Many times I have been told that I am losing my marbles. I disagree. There’s a hole in the bag but I still have some marbles left. That, however, could change. I have decided to become an independent publisher. In Quebec. And publishing in English no less. Bring on the challenges.
Why am I doing this ? Because of one person.
In my office there is a photo album I treasure that I keep in the second drawer of my desk. One of the pictures I cherish is that of my grade 4 class picture circa 1976. I’m at the end of the second row to the left smiling and wearing a mom-made red suit complete with the also mom-made haircut. I was convinced my red outfit gave me super powers at least that’s what I told the sweet dirty blonde sitting to the right in the front row beside Freddy. She’s wearing a dark blue blouse, blue jeans and an amazing pair of blue and white North Star sneakers . She’s leaning slightly forward, hands on her lap looking mighty mischievous yet full of promise. Her name is Debbie Brown.
Fast forward 30 years, losing track of each other as life happened, we reconnected through Facebook with the help of a classmate only for me to discover that Debbie was weeks away from having her first book signing in Chapters after the release of her first published novel, Amethyst Eyes. Needless to say I was impressed remembering that she was my main rival in our creative writing lessons. She was the better writer yet I maintain I was funnier.
I was intrigued by the path she had undertaken with her first novel, in becoming an independently published author. Today’s financial less than secure stability has certainly made major publishing houses watching their bottom line and reluctant to spend too much on emerging writers thus driving more of those writers to self-publish in order to have better control. That is better control over their creative output, editing, art work for their cover, promotion and distribution. More importantly keeping the control to the rights to their work. The main difference is that major publishing houses have huge overheads and an independent author not so much so the financial responsibilities are not on same playing field. Plus readers are becoming less concerned about packaging and more with content which explains the exponential growth in ebook sales. The number of independent authors self-publishing their books has grown drastically very quickly as more authors are deciding to do everything themselves thus cutting out the middle man. However there are major challenges along the way to become an independent publisher that I am starting to face now, let you know of my progress next time.
You, as an aspiring writer, know the drill- your brilliant idea develops from a sentence to a paragraph to a chapter to a book. You write line by line, rewrite it and then revise it again until you feel it’s book worthy. You sacrificed time, family and activities because you were driven to write this brilliant manuscript. Once you think you have it the way you want it, you decide to let what I call your first readers have a crack at it to agree that it is an emerging masterpiece but more likely they’ll find errors you missed because you were blinded by the sweat and tears of passion you spent writing. Now it’s completely edited, interesting and so beautiful you must share it. No sarcasm intended here…you must truly believe in your creative imaginative original work for all the magic to work. If you don’t then why would anyone else. Ok, having said that, what’s next??? Getting it published and in the hands of eager awaiting readers.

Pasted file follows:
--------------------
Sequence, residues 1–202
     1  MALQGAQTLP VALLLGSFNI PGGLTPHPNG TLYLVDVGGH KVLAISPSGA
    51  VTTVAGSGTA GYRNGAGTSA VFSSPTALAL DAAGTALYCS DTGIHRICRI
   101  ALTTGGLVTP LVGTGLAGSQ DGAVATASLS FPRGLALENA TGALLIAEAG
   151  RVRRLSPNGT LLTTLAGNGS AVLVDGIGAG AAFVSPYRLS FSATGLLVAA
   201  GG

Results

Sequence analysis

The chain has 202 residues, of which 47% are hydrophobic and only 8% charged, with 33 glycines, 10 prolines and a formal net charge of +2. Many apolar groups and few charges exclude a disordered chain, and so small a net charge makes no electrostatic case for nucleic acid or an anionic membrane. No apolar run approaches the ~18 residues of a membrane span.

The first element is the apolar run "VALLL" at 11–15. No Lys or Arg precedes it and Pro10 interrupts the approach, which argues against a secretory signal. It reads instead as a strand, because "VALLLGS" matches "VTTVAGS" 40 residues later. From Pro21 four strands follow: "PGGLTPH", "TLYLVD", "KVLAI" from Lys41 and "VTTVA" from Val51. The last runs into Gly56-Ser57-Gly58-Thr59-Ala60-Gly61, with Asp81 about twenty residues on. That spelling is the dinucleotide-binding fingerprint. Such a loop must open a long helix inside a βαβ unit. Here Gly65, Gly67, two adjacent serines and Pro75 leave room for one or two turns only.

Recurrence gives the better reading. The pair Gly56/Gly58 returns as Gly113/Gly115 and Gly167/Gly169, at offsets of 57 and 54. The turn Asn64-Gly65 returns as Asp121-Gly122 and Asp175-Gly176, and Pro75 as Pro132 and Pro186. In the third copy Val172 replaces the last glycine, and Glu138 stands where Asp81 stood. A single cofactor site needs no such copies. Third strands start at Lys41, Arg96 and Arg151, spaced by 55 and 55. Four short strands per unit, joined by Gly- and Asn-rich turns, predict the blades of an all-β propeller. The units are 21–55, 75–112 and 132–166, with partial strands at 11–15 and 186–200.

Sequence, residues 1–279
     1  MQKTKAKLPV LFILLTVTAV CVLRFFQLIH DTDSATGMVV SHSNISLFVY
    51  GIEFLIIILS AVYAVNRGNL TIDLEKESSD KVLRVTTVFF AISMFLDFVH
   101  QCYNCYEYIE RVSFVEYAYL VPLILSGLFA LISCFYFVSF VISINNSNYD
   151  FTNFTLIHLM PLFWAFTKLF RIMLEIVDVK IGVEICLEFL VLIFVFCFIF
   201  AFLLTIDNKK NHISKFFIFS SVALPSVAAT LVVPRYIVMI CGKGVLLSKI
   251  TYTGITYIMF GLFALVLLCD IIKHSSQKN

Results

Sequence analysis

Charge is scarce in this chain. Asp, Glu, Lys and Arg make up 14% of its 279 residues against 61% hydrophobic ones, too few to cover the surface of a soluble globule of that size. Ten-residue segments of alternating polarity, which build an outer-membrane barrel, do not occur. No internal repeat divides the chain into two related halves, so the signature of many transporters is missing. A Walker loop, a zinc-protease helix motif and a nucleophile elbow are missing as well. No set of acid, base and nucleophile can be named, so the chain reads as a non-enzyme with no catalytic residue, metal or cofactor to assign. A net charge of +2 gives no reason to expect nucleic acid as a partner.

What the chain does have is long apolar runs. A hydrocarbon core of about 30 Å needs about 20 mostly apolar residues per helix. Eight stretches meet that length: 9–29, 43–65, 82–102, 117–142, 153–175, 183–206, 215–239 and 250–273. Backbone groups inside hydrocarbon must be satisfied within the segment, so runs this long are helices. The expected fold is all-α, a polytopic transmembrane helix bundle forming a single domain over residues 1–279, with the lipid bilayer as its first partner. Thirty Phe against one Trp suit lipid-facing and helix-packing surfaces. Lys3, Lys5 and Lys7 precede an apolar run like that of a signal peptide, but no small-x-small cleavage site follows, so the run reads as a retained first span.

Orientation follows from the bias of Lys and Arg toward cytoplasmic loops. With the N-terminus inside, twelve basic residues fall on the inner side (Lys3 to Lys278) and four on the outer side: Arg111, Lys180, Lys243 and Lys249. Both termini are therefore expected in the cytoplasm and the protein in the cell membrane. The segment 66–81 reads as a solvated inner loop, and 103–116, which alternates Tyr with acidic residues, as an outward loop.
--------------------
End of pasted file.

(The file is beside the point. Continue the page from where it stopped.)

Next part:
Certainly you must submit your manuscript to major publishing houses hoping they will see the value of your work meant to be shared. And you do want to make some money off from all your hard work. Then comes the reality for most authors. Their books get passed on maybe once twice or a hundred times. You might get angry, frustrated and disappointed yet there are options you can self-publish meaning you must do all the work and either get assisted or full self-publishing.
Now I could go on about what happens next but Debbie wrote a great piece on her blog about it…go read it, it’s very good and informative.
The biggest problem publishing in Canada is that options are few and even fewer in Québec never mind in English. Québec is a uniquely beautiful province with a diverse landscape and a very trying, challenging political climate and cultural diversity. It is quite militant in preserving its culture and French language making it quite complicated to do anything in English. I wanted to step in and help Debbie publish in Québec because I believe that the money raised for her creative pursuits should stay in Québec and not head to the United States which keeps getting complicated by customs, taxes and the IRS.
The first challenge I wanted to tackle was to translate Emma, Amethyst Eyes and Rebirth in order to increase the availability and sale potential of Debbie’s work but the first stumbling block in obtaining a grant to do so, you must be a recognized publisher to qualify. Ok strike one. In order to get grant money to fund any creative English work in Québec is akin to licking the street outside my office…there are forms to fill, justifications to defend and a whole lot of waiting for answers. Strike two. However since I am still new at this, there’s more research that needs to be done and if I strike out, there’s always the next batter bringing on more challenges.